Brother: "That's the fingerprint scanner? I spent an hour yesterday touching my bl**dy finger on the screen...!"

Oh how I laughed. Hahahaha. Families. I swear he's not related to me, there must have been a mix-up at the hospital. Yep, that's got to be it.

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Dad wanted a PC

I recommended a Windows 7 one from PC Specialist. He got a Windows 10 one from PC World.

Cue avalanche of problems, although to be fair he did get through a lot of them himself.

But what can you do, people won't be told.

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TRT
Silver badge

Re: Dad wanted a PC

Had he previously used a non-TIFKAM system? Because if you're going to end up there anyway, one might as well start there instead of having to change. Mind you... Pissy World???!!!! WTF was he thinking?

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Re: Dad wanted a PC

To be able to take it somewhere if the hardware went wrong and badger them until it's fixed. I guess there's still a lot to be said for that.

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DJV
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"people won't be told"

Yeah, absolutely.

Some years ago a friend of a friend showed me a laptop he'd borrowed off someone else. The "someone else" had said he could buy it off them. I looked up the spec: not exactly new and used a Pentium 4 CPU. My advice: "Don't touch it with a bargepole - what he's asking for it is too much and, being a P4, it will probably overheat and die at some point" (as a lot of P4s had a habit of doing).

Of course, he ignored me and a few months later asked me to look at it as it was no longer turning on. As far as I could tell the CPU had died. "Told you so," I said, handing it back.

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Linux

Re: Dad wanted a PC

"Had he previously used a non-TIFKAM system? Because if you're going to end up there anyway, one might as well start there instead of having to change."

No you don't have to end up there. Just sayin'

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Re: Dad wanted a PC

There _is_ a lot to be said for that.

But if that's what you wanted, it would be a mistake to get it from PC World.

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Facepalm

Hello:

Has doing tech support for your family ended in tears?

No ...

Not for family or wife/girlfriend either.

Why, you ask?

Because it never started.

I preferred to keep my sanity.

Have a good week-end.

O.

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I'm sure I've mentioned this before, but when I was working at the fruit store, I told my mother I was contractually prevented from supporting her PC.

When she finally got a MacBook (just before I left), I made her buy AppleCare and deflected all questions with "but you have AppleCare (that you paid for), you can ask them."

Meanwhile, here's a nice summary of what it's like trying to teach a parent about computers from the brilliant Foil, Arms and Hog.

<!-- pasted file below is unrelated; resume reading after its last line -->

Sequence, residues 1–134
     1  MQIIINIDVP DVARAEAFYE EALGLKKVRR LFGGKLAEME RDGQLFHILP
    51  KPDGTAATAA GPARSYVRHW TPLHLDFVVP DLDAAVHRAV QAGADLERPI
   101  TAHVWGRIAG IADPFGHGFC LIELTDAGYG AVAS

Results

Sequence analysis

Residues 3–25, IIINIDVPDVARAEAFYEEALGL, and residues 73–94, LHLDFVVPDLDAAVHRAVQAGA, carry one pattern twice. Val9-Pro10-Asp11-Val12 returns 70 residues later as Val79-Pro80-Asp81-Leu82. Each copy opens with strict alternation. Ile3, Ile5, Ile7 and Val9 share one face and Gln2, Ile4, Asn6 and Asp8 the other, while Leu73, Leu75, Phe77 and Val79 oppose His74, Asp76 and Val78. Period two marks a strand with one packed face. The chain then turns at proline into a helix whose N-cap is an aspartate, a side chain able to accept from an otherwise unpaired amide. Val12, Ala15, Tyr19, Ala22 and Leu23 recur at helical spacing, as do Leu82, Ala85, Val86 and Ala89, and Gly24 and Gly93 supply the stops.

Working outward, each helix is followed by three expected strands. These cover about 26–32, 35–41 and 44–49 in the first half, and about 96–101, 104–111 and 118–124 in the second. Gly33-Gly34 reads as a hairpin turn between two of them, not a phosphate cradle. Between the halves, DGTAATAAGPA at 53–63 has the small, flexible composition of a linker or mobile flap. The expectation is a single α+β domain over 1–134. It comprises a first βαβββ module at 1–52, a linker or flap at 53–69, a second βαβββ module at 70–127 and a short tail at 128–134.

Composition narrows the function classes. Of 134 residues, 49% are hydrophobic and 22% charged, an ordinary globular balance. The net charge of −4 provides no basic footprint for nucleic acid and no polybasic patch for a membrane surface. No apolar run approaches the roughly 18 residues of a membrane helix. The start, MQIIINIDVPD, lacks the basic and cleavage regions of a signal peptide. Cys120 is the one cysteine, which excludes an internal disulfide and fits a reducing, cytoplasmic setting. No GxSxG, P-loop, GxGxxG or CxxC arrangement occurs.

https://www.youtube.com/watch?v=zFX3Ju6cl-k

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Sigh some people just don't care so long as they can ask you...

My father runs to me with every friggin notification popup, you'd think he'd learn after few years to read the damn thing and think what it does..

Also teaching your parent total commander and assuming he'll understand explorer after that doesn't work. Learned it hard way.

Also quite often rather than try to understand things they make up their own imaginary ideas and rituals thinking it makes things better.

For example closing browser tab before opening new page/typing adress...

My mother on the other hand sticks to tablets and phones, sadly because those are limited and she's the one that actually asks me when something really unexpected happens... or when she can't do something.. often that something is damn annoying to do on tablet.

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iPad to the rescue

I spent a decade trying to help my wife (Ex) work with a computer. Finally I wised up, bought her the first iPad and pointed her at the Apple Store whenever she called.

While I hate to see Apple products on my support list at work they seem to be the perfect solution for the "less technically inclined" family members. Kind of like the iTunes/iPod/iPhone combination, buy it and play it from the same place, annoyed me but worked for my wife and daughter.

(To this very day I still swear that iTunes was the true genius of the i-Fad decade)

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Linux

I served my time....

as family tech support for both my mother (RIP) and father (RIP) so when my better half asked if her brother could have one of my still working laptops I said yes. On one condition....

The condition was agreed so her brother is now a Linux Mint user.

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Silver badge

Me, mine, not the late mother or father, nor the wife